This shouldn’t rule out the possibility of using this technology in the clinic to prevent genetic disorders, but it does reinforce the scientific consensus that germline genome editing should not be used clinically for reproductive purposes until the technology is deemed safe and effective through further research.
What are the ethical considerations?
There is no doubt that CRISPR offers a huge potential for preventing genetic disease, but we must carefully consider a number of ethical issues before the green light is given for its clinical use in embryos.
First and foremost are concerns that genetic modifications could be inherited by future generations. Currently, healthcare professionals obtain informed consent from patients for most medical interventions. However, for germline editing where the patient is an embryo (or indeed its future descendants), this consent can never be obtained and so permission can only ever be sought from the parents. Some people argue that parents make most decisions for their children anyway, particularly with regards to health, so why should this be considered any different? If the technology is available for preventing disease and suffering, then surely we have the moral responsibility to use it? Others argue that we do not have the right to permanently edit the genome of an individual who could then affect their respective descendants too.
There is also the risk that germline editing to prevent genetic disorders could lead to a social divide. If we specifically edit genomes to remove any potential disabilities, would this reinforce prejudice towards disabled communities? Using genome editing technology would undoubtedly result in fewer people in society with disabilities. This could mean that there is less familiarity and social acceptance of disabled people in society and could result in less investment for research, treatment and social support services for these communities.
Not only could a potential social divide marginalise disabled communities, but also between socioeconomic groups. Would germline editing be available on the NHS? If not, expensive genome editing treatment could worsen existing health inequalities throughout the UK and the world.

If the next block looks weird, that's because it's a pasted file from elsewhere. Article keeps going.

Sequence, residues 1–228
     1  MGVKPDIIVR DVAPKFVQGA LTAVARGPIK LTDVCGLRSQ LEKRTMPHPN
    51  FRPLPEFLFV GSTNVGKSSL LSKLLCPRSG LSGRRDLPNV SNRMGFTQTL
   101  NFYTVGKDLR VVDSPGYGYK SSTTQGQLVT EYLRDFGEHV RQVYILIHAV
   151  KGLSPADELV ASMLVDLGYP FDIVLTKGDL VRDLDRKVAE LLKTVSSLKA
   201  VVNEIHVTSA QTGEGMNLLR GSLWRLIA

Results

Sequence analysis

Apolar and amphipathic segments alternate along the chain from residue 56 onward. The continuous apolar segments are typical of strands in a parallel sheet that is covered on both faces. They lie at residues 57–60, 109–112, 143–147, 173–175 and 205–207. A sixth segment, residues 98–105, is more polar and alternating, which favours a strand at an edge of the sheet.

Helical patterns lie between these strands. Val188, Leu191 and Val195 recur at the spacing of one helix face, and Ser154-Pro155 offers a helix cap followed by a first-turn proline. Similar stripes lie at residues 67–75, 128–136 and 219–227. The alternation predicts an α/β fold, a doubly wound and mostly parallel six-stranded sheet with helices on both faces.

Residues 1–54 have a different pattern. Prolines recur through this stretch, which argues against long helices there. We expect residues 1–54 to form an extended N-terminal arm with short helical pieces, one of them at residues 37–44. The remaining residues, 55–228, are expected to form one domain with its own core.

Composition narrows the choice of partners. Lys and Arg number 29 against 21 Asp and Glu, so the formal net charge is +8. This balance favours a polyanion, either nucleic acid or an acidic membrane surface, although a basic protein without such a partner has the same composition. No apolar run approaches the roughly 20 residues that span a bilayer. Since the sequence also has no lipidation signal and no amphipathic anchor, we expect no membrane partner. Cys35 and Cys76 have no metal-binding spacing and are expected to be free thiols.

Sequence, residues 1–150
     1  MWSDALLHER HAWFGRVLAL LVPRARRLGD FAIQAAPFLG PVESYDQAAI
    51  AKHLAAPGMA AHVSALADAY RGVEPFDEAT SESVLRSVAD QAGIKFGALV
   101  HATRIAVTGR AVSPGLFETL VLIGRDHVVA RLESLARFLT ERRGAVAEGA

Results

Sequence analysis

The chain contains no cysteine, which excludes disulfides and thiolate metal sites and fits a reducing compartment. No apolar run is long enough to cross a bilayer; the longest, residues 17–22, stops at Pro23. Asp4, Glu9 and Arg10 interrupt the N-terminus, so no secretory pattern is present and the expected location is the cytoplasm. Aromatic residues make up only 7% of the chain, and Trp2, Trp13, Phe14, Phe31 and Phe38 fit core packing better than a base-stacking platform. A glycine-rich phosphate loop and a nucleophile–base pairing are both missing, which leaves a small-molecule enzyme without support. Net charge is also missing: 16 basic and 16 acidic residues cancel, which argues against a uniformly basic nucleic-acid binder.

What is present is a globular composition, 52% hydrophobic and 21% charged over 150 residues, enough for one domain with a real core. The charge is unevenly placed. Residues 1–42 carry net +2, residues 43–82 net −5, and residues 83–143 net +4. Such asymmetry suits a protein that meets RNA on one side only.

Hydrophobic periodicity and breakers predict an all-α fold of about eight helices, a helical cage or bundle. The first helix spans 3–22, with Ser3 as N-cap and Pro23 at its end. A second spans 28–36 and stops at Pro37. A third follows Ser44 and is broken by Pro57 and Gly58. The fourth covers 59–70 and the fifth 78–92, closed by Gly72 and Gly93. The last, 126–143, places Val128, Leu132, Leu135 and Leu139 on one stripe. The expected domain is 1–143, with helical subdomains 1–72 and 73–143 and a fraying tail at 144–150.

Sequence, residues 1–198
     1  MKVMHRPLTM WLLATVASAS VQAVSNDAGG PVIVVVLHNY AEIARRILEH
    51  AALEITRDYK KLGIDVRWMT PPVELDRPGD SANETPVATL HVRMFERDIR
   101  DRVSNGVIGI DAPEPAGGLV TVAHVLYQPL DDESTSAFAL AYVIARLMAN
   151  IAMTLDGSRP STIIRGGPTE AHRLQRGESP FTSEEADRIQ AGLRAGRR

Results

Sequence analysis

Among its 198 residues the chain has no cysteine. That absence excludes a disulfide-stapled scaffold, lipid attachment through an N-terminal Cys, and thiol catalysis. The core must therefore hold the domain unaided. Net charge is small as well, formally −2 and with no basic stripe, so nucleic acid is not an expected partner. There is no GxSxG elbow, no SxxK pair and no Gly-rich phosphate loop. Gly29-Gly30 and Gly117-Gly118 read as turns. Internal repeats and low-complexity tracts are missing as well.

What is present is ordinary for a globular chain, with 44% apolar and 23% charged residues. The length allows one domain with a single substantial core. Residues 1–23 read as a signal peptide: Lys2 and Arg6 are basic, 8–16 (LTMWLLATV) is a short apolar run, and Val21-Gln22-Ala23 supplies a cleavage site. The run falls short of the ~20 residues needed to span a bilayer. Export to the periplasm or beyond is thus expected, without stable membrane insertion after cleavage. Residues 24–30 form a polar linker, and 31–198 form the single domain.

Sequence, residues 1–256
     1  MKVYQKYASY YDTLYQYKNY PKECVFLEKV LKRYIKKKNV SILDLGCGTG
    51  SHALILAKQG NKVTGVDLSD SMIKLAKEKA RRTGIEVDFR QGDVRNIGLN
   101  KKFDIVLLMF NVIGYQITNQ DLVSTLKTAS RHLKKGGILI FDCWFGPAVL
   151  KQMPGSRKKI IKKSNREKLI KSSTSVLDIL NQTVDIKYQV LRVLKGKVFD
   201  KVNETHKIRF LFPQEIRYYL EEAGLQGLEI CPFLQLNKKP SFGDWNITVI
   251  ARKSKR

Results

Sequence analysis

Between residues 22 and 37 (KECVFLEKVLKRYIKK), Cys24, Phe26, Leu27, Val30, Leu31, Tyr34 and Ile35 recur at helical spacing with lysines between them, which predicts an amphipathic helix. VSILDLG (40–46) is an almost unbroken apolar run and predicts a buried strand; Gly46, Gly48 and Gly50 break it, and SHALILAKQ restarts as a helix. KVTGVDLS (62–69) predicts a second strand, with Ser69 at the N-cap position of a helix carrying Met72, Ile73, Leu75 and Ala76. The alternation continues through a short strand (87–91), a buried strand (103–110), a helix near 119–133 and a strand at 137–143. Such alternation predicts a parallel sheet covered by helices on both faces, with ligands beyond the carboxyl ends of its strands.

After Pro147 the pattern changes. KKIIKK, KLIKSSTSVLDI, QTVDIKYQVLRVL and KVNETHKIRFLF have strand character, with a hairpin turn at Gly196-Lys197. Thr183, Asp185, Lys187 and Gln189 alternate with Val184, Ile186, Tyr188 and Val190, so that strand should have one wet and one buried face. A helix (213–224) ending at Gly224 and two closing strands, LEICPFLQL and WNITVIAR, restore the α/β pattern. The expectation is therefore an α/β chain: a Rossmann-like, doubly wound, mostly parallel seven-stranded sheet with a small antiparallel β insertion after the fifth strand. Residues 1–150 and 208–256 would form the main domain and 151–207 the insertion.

We must also consider that genome editing seeks to improve physical health traits, but does not consider social or psychological well-being. Will genome edited humans be seen as superior, or indeed inferior, to others in society? Would their mental health be affected by knowing that their genome has been irreversibly edited?
Genome editing offers huge potential for healthcare, but we must consider when it is medically appropriate. There are concerns that permitting the use of genome editing for medical purposes is a slippery slope to its use for non-health-related enhancement purposes – it’s not a difficult leap to imagine the possibilities for enhancing athletic ability, improving intelligence, selecting eye colour or other physical traits. Although the scientific community condemns non-medical usage, there may occasionally be a grey line between traits associated with health versus enhancement. Therefore, there needs to be international legislation and regulation to ensure that the application of germline editing in humans is safe, responsible and ethical.
There is consensus that all individuals should be entitled to human rights and that the use of genome editing should not increase disadvantage, discrimination or divisions in society.
Where are we at now?
It is currently illegal to edit embryos for a pregnancy in the UK and Europe. At the moment, our scientific understanding of using CRISPR for germline editing is too uncertain and the risks are too great to allow clinical trials to take place. There is widespread agreement that further research into safety and effectiveness needs to be undertaken as well as a public debate on its application. However, given the rate at which these technological advances are happening, it is important that we begin to think about how CRISPR could be used safely and responsibly within a clinical context. If germline editing were legalised, several criteria would first need to be met before it could be licenced for each clinical use. Such criteria would include an unmet clinical need, inability to use alternative treatment options, follow-up plans and a consideration of potential societal effects.
Germline genome editing is not an issue that can be debated in isolation. After all, irreversible modifications to DNA affects humanity and not just individual people or countries. The recent reports from China have placed genome editing in the limelight and we must use this opportunity to engage in an open and international discussion among scientists, healthcare professionals, ethicists, social scientists, religious groups, policymakers, regulators and the general public to consider the future potential of germline genome editing.
About the Author
Hayley Clissold is a Policy Officer in the Wellcome Sanger Institute’s Legal, Ethical, and Governance Team